Monday, January 21, 2008

Where is Ziggy Stardust?

I heard The Rise and Fall of Ziggy Stardust and the Spiders From Mars last year, 2007 in a long line of anno domini. Five years from 2007 is 2012, when the world is supposed to undergo some sort of radical shift, if you believe in ancient cosmological calendars. Some say the apocalypse; some simply say a major world-wide paradigm shift. The moment I heard Five Years, I knew that I had an album that would carry me from then until the supposed end of the world.

For those of you unfamiliar with the album (perhaps the greatest album of all time, right next to Sgt. Pepper’s Lonely Hearts Club Band, IMO) David Bowie sings of Ziggy Stardust, a Martian who comes to a doomed Earth with a message of salvation through rock and roll. Ziggy drowns in compassionate excess before being torn apart by his fans in the self-titled song towards the end of the album.

Some days I wonder if sacrificing yourself for the message isn’t the best idea.

The message still exists, however. That Five Years carried far beyond the original message that Ziggy brought so long ago in 1972 means that either a) it’s just a song and the world really wasn’t going to end in five years or b) because of the message we narrowly averted disaster, which remains hanging over us like a bomb ready to drop.

I would prefer A, in a safety sort of way. I really don’t think we’re suffering from impending apocalypse. That just seems silly. People have been playing that “The End is Nigh” card so hard through history that it’s become old hat.

At the same time, we all recognize the possibility. While very few of us believe the end is nigh, we can conceive of the possibility. Indeed, if we think about it, we could easily end up that way fast and hard. We’re eternally perched on a slippery slope where a few bad choices would plunge us straight into end times.

Which is B, I guess. And really, is B so bad? Ziggy asks us to realize what we’re doing, desperately crying out at us to change and become something better. We only have to strive to grow, strive to live, make the right choices that will save us all.

Oh, and stop tearing apart our saviors.

Ziggy is killed and then comes back and sings two more songs. Sort of like Jesus, but with make-up and androgyny and a guitar. Which probably wouldn’t have flown with Jesus being in the desert amongst conservative religious folk. But otherwise, it would have made a hell of an impression. And then Ziggy leaves us, and the decision’s on our heads.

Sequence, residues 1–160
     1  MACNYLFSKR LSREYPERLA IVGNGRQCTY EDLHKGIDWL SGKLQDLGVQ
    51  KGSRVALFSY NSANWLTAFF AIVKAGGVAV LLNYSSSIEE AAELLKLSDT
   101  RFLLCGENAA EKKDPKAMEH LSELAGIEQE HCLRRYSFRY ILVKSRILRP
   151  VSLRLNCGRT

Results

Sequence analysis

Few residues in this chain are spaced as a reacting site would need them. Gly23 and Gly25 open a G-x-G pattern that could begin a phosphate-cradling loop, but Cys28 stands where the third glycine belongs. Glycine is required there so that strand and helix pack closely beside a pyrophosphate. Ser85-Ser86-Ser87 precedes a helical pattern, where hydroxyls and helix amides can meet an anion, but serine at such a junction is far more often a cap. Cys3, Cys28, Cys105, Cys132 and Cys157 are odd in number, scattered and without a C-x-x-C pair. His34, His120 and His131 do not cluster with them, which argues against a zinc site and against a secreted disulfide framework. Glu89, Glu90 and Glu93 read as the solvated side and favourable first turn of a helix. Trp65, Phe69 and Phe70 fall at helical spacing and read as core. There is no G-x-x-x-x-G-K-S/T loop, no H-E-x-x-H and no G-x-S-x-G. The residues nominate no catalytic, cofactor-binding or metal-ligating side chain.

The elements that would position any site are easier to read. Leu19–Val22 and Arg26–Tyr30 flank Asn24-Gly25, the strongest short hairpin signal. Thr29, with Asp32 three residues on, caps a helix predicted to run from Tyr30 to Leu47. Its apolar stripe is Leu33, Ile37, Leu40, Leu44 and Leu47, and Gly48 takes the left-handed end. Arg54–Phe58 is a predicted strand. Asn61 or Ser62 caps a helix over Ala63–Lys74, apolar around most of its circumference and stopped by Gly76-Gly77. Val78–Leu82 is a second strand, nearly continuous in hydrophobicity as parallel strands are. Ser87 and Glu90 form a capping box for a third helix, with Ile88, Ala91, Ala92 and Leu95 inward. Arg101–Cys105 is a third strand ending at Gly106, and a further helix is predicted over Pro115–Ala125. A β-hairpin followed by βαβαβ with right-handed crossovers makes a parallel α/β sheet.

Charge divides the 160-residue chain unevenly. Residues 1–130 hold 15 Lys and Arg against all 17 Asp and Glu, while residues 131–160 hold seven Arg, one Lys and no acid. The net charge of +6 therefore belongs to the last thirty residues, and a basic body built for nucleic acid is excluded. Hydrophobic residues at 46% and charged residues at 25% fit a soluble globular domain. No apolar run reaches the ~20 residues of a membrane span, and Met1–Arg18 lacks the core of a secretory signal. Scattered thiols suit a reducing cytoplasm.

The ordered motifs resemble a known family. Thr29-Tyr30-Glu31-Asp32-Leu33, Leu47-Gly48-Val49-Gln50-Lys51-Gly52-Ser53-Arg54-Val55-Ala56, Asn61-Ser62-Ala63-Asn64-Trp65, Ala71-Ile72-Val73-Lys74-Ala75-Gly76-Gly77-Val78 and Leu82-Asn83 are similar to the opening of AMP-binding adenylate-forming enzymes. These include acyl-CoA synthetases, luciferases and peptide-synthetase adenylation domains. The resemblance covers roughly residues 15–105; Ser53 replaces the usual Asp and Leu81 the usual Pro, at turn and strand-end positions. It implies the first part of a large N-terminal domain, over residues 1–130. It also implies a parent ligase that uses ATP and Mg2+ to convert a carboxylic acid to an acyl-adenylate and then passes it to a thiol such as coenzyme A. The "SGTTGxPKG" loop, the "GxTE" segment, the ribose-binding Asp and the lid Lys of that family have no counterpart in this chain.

What became of Ziggy Stardust? Where did he go? Here we are, now 35 years after he said we were five years away. Is the clock still ticking? Is Martian time just really weird? A Martian year is only 1.88 Earth years long. That doesn’t account for such a major discrepancy. So maybe Ziggy just gave us a chance, the best he could do, before he allowed us to figure it all out for ourselves. Kind of like Jesus.

Ziggy Stardust lives on, though. The man and the icon. The icon lives in all of us who have taken up his call. Live like it matters, because we’re all doomed. Dream for something better, to try to save us from our eventual destruction. It’s on the efforts of the few that many are saved—either physically saved or saved in that pseudo-spiritual enlightenment kind of way.

Ziggy Stardust’s message is similar to mine. I don’t need to belabor the parallels. If you’re confused, ask, but you should be following along a little more closely. And the banner I’ll raise is in his name as much as anyone’s. It doesn’t matter if he’s real or not. Our belief in him makes him real. Kind of like God or Santa Clause or Osama bin Laden even. They exist as figures because we believe in them. Without our belief, they are just ideas or notions or (even worse) just some slowly decaying piece of animated meat.

So I ask again, where is Ziggy Stardust? You would think if he’s still binging on his rock and roll lifestyle someone would have caught on. So that can’t be the answer. It could be he retired to some island to live in luxury. Or maybe he’s tucked away in a mountain monastery pondering the deep mysteries of life. These all sound rather appealing, but I don’t really think any of them are true.

If I had to guess, I would say Ziggy Stardust is out doing exactly what Elvis and the black Michael Jackson (not the Space Michael we know now) are doing: lying low, living life, and trying to touch people in a smaller more intimate way.

Ziggy played guitar, but maybe he doesn’t anymore. Certainly not on a stage. But I wouldn’t be surprised if there’s an aging effeminate guy—a little strange and a little crazy but very persuasive—wandering around with a beat up old guitar playing to earn food to live on and maybe a place to sleep. A Ziggy who looks for people who are looking for answers. A Ziggy who waits for someone to finger him but until then will go about his business.

And I’m pretty sure he would explain his life like this: You can’t inspire everyone because everyone can’t handle the message. That doesn’t mean the message is bad or that people are bad, just that sometimes they don’t mix well. I can only be burnt that badly once. Instead, I’ll just try to find the people who are ready for it. That way, I’m not going to get killed again, and maybe I’ll inspire the next person who will step up and risk it all to tell the message to everyone.

Because despite the risks, sometimes everyone needs to hear a message of love, potential, and rock and roll. Living free and suffering hard and loving it all.

Anything to keep that clock ticking. Anything to keep the hammer from falling.

Anything to keep us living.

1 comment:

Mary said...

You've been tagged!